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Mr. Kris Cervantes

Mr. Kris Cervantes, Veterans Specialist, McLennan Community College


Over 2.2 million veterans served in Iraq and Afghanistan as part of Operations Enduring Freedom and Iraqi Freedom. The Department of Labor (DOL) state unemployment rates for these returning veterans is more than 2% higher than the rates from other combat eras and is 29.1% for those aged 18-24. Texas Veteran’s Commission (TVC) and the VA Center for Excellence report that lack of personal support, current work experience and meaningful purpose during the first months of transition to civilian life is a contributing factor to these statistics.

Screened and referred by TVC and other organizations, veterans will be placed in volunteer positions with partner non-profit agencies. Participating agencies will sign an updated Memorandum of Understanding that not only secures proper supervision and safety, but will encourage learning opportunities and job placement for the veterans when possible. RSVP volunteers will provide training and mentor support, all while our veterans provide manpower needed to meet growing demands for social services. This project will assist veterans in adjusting to their community while they, in turn, help build the capacity of the nonprofit organizations. The concept creates a two-fold impact.

Veterans can “make a difference” while they may also be receiving treatment, counseling, attending school, seeking jobs or re-connecting with their families. Resumes will be strengthened and self-value will be increased. TVC reports veterans often face months of uncertainty, plagued with dated work experience, empty days and lack of direction. We will fill that gap with 30 new RSVP volunteers to supervise veterans.

Over 800 HOT RSVP volunteers serve in McLennan, Hill, Bosque, Falls, Freestone and Limestone counties, 15% of them veterans. With the exception of Waco itself, the area is widely rural with a total of 52,500 veterans living in our region. This RSVP is only six miles from the Waco VA Medical Center, 30 miles from the Temple VA Medical Center and 46 miles from Fort Hood’s military installation. For these reasons among others, Waco has been designated by USAA Magazine as the #1 location nationally for military retirement, providing a ready supply of new volunteers.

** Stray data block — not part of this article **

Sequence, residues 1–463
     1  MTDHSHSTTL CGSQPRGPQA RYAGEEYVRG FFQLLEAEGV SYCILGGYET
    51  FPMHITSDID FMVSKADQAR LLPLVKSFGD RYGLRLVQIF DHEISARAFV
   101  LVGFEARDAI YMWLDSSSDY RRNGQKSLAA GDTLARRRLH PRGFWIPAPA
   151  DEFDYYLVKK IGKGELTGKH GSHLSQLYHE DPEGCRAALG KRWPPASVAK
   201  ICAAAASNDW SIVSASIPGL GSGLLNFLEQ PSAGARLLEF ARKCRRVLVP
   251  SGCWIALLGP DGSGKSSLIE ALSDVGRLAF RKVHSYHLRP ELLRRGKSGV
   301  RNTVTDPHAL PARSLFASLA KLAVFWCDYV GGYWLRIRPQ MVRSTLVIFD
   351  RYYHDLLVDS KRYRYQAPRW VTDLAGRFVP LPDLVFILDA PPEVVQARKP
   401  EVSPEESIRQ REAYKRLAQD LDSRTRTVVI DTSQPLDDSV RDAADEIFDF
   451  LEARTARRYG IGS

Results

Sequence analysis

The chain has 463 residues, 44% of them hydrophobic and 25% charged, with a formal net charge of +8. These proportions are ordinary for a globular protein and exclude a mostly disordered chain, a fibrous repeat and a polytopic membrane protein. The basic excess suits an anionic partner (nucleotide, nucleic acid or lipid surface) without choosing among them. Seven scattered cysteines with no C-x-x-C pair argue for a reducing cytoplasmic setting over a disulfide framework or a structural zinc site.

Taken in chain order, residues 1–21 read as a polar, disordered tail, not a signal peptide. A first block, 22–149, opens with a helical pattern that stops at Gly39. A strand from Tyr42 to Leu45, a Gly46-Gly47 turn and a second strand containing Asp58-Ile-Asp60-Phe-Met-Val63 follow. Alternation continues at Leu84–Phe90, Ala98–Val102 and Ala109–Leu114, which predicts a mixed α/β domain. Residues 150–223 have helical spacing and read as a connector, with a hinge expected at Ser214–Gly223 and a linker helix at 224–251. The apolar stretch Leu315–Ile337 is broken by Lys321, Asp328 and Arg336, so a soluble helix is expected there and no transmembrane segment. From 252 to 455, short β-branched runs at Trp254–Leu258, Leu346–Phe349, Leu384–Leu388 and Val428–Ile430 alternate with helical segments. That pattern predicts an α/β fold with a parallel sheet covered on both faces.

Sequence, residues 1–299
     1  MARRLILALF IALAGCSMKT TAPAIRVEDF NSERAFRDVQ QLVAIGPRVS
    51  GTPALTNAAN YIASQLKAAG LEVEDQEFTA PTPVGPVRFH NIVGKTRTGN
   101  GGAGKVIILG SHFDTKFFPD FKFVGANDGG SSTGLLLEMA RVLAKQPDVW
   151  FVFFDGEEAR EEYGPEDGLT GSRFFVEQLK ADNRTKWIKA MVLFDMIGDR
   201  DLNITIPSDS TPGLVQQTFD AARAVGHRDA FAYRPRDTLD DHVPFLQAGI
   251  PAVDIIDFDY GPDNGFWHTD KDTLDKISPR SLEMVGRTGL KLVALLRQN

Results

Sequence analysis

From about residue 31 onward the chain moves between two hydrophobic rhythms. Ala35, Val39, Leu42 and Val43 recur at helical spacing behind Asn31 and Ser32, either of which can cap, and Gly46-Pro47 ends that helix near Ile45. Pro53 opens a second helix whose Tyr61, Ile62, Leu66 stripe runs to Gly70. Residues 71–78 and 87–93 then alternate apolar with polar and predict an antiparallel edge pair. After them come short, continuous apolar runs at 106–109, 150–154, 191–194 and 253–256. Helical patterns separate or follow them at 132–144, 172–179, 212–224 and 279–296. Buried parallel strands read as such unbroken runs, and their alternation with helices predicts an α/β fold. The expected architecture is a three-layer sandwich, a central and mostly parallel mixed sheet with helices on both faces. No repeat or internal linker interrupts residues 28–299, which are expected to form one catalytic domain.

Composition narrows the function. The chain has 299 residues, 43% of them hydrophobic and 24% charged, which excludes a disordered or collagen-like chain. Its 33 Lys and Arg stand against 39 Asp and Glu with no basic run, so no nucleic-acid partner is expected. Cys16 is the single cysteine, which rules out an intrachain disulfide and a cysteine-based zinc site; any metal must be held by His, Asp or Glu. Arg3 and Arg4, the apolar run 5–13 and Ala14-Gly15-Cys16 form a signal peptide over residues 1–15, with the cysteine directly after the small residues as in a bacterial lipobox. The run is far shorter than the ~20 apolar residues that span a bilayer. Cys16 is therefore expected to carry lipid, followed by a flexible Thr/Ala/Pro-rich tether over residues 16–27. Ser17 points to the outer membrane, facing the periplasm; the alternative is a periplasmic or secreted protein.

Some examples of how the project will work: A soldier returns from duty with an MOS in transportation. He might volunteer with our regional community action agency to maintain a fleet of buses used to transport the 1,000 Head Start children in this area. Another veteran has experience in shipping and receiving supplies, a skill that could be utilized by our local food bank in serving 6,000 clients monthly. Maybe a third veteran was in combat for so long that she lost relevant skills, or perhaps she simply has the desire to learn something new. Habitat for Humanity could teach a building trade. A veteran with new physical limitations could obtain office or management experience. The possibilities are endless. Some agencies may wish to hire our heroes and benefit from the tax credits available. At the very least, these veterans have added experience to their resume and begun the process of rejoining their community. With a proven Emotional Assessment Profile pre- and post-test given by trained professionals at MCC, RSVP will be able to document that depression is lessened, self-worth is increased, resources have become more accessible and relationships built. As an added benefit, agencies will have increased their capacity to serve this region.

Participating Agencies:

  • HOT Veterans Coalition (Veterans One Stop)
  • Congressman Bill Flores’ District Office
  • Waco Transit
  • McLennan County Veterans Services
  • Advocacy Center
  • Waco Habitat for Humanity
  • Friends for Life
  • Mission Waco
  • Caritas of Waco
  • Area Agency on Aging/HOTCOG